A framework for implementing decoding algorithms for Neural Machine Translation
Neural machine translation models rely on the beam search algorithm for decoding. In practice, we found that the quality of hypotheses in the search space is negatively affected owing to the fixed beam size. To mitigate this problem, we store all hypotheses in a single priority queue and use a universal score function for hypothesis selection. The proposed algorithm is more flexible as the discarded hypotheses can be revisited in a later step. We further design a penalty function to punish the hypotheses that tend to produce a final translation that is much longer or shorter than expected. Despite its simplicity, we show that the proposed decoding algorithm is able to select hypotheses with better qualities and improve the translation performance.READ FULL TEXT VIEW PDF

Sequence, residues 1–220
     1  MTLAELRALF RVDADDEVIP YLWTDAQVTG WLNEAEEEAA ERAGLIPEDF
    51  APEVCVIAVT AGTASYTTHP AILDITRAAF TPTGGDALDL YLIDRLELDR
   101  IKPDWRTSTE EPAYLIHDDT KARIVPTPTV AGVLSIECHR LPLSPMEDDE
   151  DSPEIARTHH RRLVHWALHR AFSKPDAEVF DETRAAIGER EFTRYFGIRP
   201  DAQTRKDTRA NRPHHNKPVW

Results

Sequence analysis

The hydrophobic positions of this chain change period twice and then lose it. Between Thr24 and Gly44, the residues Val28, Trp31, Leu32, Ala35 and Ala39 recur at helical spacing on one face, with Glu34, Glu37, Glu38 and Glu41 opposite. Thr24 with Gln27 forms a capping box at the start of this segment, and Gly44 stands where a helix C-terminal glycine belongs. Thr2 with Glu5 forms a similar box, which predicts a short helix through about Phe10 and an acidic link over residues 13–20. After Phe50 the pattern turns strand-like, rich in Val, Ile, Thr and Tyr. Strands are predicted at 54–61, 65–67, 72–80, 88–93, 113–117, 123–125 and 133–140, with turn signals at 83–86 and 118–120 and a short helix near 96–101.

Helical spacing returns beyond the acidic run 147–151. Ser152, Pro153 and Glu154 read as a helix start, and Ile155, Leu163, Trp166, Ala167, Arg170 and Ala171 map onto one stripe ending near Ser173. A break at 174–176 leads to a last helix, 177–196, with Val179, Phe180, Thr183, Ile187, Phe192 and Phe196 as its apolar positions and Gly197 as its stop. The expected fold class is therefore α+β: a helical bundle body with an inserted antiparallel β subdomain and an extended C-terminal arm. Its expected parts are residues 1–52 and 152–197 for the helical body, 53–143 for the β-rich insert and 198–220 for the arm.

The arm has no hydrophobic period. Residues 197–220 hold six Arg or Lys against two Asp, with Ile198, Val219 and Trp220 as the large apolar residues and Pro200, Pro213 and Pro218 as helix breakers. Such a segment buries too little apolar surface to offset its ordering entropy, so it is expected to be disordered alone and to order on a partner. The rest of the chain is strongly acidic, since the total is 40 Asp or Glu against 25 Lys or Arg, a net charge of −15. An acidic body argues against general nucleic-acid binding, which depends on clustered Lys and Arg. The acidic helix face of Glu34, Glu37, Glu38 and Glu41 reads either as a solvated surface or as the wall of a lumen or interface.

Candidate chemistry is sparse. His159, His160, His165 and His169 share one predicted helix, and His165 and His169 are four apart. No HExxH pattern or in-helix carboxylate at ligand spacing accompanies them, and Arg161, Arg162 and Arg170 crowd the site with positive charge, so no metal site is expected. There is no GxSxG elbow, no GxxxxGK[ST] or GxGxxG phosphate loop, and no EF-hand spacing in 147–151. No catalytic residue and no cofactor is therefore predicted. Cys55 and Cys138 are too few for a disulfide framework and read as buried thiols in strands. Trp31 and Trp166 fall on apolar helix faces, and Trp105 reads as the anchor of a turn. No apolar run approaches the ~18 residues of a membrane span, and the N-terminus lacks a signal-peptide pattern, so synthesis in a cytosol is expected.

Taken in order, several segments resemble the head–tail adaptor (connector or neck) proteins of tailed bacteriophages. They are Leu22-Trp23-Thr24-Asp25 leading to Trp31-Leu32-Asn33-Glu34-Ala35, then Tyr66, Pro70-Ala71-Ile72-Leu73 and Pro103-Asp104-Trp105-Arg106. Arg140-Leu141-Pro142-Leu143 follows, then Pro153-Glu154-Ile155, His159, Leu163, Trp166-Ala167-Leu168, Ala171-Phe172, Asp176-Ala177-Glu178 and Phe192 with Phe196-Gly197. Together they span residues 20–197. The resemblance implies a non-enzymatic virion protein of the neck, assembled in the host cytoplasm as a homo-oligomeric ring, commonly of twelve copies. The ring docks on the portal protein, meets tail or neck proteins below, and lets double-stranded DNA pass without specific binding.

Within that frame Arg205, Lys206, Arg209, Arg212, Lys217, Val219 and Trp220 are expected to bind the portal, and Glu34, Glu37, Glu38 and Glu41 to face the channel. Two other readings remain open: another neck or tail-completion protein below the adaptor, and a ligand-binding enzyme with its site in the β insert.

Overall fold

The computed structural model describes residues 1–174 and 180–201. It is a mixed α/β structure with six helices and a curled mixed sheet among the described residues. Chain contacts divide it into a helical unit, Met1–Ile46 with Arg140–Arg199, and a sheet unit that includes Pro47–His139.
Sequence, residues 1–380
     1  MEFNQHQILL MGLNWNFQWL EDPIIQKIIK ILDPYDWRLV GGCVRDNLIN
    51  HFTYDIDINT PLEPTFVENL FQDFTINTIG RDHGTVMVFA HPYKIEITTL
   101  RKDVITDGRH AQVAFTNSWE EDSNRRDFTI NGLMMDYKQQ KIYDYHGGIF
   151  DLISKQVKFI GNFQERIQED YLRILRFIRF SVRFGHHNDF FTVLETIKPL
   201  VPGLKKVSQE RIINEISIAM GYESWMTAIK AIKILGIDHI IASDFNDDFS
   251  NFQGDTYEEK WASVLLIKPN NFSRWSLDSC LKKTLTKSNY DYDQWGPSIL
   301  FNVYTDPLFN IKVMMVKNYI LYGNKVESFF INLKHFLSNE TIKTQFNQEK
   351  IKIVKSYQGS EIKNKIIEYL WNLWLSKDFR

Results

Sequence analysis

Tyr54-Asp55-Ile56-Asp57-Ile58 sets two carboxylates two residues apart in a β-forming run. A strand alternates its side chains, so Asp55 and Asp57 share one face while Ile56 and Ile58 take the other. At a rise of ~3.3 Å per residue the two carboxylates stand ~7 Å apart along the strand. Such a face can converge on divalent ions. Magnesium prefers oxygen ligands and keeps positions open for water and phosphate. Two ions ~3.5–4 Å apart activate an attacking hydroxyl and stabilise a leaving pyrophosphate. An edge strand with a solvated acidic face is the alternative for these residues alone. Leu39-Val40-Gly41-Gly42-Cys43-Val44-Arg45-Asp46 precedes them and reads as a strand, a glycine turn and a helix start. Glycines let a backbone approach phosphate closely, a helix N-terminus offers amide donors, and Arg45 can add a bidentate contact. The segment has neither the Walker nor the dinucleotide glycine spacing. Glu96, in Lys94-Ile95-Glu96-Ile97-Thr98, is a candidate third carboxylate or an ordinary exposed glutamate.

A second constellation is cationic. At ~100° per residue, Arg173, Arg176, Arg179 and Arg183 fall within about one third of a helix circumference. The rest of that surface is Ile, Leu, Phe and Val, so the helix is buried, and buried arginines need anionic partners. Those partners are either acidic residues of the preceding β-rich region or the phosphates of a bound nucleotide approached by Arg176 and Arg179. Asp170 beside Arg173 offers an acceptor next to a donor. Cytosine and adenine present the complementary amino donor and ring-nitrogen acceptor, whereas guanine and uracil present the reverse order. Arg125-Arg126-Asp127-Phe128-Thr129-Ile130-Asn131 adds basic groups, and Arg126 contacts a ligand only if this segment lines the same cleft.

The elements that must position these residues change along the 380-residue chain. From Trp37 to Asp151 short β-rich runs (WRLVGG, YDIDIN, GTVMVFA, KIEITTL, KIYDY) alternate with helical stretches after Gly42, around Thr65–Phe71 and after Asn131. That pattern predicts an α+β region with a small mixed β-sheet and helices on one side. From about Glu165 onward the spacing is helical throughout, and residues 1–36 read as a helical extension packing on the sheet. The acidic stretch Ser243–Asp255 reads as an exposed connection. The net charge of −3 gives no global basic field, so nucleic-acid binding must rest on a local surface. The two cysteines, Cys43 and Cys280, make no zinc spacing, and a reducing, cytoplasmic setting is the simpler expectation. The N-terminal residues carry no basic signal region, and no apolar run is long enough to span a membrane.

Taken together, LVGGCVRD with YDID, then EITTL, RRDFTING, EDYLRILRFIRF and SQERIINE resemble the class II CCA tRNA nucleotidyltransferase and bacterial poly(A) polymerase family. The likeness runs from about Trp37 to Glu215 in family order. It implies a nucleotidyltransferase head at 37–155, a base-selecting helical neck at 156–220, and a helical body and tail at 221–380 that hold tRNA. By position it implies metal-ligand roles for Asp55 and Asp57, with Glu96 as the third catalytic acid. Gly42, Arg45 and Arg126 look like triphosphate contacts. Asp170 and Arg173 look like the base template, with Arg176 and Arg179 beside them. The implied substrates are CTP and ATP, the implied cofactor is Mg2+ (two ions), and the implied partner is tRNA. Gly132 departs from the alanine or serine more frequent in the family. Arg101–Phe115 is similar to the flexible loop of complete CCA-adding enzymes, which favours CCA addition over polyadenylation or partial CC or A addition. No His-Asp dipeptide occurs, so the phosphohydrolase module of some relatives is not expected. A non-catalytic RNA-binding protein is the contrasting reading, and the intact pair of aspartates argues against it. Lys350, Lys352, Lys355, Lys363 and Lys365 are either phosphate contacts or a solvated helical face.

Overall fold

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A framework for implementing decoding algorithms for Neural Machine Translation
Machine translation models composed of end-to-end neural networksSutskever et al. (2014); Bahdanau et al. (2014); Shazeer et al. (2017); Gehring et al. (2017) are starting to become mainstream. Essentially, neural machine translation (NMT) models define a probabilistic distribution to generate translations, where is a source sentence, and is a history of emitted words for predicting the next word . One can think of a NMT model as a neural language model with the source sentence included in the context.